SKIN reflections and coverage

24857371796_8e225c8f58_oHere are a few pictures and quotes from the group show we are in at the LA Municipal Art gallery. The show is called “SKIN,” and is open until April 18th, as we previously announced. Our co-founder Ben Caldwell opened the door to our team when he was invited to contribute to the show. According to the exhibition statement, “SKIN brings thirty-six artists whose work is timely and engaged in many ways with these broader debates. The gallery acts as a discursive space where these disparate conversations can have a platform, and where further productive work and reflection on these topics can proceed.”

For our part, Caldwell brought in Sankofa Red (our rebuilt payphone, pictured at right), and our design collaborative24764812522_03aa2d8c71_o.  We created a new mission for the phone: gather “SKIN stories,” responding to the question, “When did you first become aware of the color of your skin?” The payphone gives instructions, and then callers to our hotline are invited to record their story. To complete the circle, we will upload excerpts from the SKIN stories onto the payphone for ongoing exhibition when Sankofa Red returns to Leimert Park.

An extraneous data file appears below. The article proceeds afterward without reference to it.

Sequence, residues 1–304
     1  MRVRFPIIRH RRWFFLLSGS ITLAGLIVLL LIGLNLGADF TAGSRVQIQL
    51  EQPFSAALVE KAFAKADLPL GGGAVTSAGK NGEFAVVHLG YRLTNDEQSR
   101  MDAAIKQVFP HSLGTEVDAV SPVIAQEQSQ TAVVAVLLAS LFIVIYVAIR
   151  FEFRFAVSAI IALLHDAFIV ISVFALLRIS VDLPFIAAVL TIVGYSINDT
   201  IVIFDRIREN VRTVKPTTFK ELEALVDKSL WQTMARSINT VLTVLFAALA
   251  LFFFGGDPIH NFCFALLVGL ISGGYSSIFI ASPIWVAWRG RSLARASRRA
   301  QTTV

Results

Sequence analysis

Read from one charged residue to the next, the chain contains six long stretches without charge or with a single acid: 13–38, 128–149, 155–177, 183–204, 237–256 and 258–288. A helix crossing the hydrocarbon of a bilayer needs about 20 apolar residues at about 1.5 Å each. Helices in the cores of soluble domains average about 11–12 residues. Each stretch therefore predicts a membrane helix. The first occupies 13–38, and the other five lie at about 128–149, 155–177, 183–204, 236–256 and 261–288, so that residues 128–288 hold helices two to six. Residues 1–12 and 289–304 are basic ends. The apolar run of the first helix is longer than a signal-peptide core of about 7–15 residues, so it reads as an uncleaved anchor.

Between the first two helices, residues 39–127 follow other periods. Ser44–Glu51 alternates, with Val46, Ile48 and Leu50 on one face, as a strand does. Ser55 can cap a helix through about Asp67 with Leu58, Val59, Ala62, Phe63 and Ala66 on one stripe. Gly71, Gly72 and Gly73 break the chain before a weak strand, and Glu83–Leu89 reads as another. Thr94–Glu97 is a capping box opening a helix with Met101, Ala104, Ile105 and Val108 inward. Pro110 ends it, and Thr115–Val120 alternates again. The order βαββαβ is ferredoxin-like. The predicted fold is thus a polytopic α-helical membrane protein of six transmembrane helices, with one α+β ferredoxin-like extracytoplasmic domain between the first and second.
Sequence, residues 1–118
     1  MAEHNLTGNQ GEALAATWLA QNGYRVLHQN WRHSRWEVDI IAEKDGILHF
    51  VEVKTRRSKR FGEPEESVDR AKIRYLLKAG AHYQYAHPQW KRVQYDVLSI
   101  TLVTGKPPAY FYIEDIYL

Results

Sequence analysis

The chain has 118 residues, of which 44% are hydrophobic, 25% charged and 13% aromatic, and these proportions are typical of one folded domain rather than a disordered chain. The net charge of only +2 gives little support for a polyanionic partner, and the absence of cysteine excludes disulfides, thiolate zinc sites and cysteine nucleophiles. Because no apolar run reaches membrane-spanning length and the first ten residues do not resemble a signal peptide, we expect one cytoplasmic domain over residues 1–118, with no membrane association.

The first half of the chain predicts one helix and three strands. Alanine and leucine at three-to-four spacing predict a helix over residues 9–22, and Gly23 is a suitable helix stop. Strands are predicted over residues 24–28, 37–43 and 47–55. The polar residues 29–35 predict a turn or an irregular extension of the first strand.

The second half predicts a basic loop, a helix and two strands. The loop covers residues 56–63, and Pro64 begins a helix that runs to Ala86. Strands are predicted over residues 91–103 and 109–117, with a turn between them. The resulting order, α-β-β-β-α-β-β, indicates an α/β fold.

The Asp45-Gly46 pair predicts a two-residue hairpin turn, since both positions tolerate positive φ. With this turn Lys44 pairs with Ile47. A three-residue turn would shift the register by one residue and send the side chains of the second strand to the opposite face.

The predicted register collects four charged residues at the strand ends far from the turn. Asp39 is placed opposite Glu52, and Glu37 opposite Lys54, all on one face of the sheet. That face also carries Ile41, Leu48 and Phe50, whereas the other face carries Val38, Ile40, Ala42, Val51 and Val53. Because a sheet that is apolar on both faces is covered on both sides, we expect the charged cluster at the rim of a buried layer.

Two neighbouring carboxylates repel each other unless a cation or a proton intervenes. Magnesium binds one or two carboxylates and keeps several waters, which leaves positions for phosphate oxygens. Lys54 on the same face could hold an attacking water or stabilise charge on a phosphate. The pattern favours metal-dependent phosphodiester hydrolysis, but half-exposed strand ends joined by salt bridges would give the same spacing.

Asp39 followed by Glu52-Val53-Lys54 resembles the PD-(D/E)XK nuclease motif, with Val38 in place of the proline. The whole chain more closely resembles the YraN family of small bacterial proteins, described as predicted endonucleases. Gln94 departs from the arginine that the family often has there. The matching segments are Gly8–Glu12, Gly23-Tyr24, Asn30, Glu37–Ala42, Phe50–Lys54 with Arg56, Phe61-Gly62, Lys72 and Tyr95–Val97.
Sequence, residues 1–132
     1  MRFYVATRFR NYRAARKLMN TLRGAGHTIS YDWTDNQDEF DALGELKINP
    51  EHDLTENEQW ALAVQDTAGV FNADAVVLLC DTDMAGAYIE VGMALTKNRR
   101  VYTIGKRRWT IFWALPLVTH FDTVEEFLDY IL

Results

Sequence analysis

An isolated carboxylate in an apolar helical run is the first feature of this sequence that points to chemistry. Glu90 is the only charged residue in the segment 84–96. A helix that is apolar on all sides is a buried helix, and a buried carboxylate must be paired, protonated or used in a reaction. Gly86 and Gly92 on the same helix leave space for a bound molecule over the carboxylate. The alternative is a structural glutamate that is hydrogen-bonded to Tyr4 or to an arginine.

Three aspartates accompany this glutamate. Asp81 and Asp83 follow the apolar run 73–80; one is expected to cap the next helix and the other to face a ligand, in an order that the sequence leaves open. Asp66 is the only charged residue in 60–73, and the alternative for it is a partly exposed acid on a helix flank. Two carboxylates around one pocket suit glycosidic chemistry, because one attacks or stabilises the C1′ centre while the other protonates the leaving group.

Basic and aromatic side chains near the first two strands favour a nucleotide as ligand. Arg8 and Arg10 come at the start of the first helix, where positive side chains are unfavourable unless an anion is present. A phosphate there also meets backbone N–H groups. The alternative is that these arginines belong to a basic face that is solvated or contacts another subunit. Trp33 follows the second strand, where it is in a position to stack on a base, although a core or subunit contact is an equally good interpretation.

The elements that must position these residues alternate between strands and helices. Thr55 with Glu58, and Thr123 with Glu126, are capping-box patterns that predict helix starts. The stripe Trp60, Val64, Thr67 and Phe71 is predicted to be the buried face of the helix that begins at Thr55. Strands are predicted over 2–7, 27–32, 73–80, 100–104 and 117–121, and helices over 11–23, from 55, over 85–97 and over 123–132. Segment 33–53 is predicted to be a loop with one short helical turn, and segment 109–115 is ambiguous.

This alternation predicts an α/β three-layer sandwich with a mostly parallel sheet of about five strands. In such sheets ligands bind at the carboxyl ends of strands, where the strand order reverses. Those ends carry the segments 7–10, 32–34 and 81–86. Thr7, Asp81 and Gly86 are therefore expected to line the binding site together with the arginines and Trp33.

We are in great company, with artists including household names like Kara Walker, Los Angeles art scene veterans like Sandy Rodriguez and Nery Gabriel Lemus.

As for the show, here is some context from a review of the SKIN exhibition by Mat Gleason:

Under the curatorial direction of Barnsdall’s director Isabelle Lutterodt, SKIN presents a myriad of stylistic and formal approaches to art by over thirty artists, all related in some manner to race.

Small and medium art institutions… remain vital to mount shows that take on the big issues of our time. The Los Angeles Municipal Art Gallery at Barnsdall Art Park is the perfect place for the type of socially-conscious curating that is as inclusive as it is demanding of high artistic quality from those that would be partisan.

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As always, we innovated with print media too. The big challenge for a design like this is to tap into existing social norms. So we gave out the hotline number with “tear off” paper strips, as is common on at laundromats, at public payphones, etc. The separate hotline also provides more privacy for visitors to submit their stories, since SKIN narratives an easily be very personal and inappropriate for the public spaces of a gallery. Finally, we noticed that many of the best stories came after invitations in person from team members or friends, echoing some longstanding practices from oral history.

Here again is the flyer advertising for the show:



Some broader coverage of the SKIN exhibit: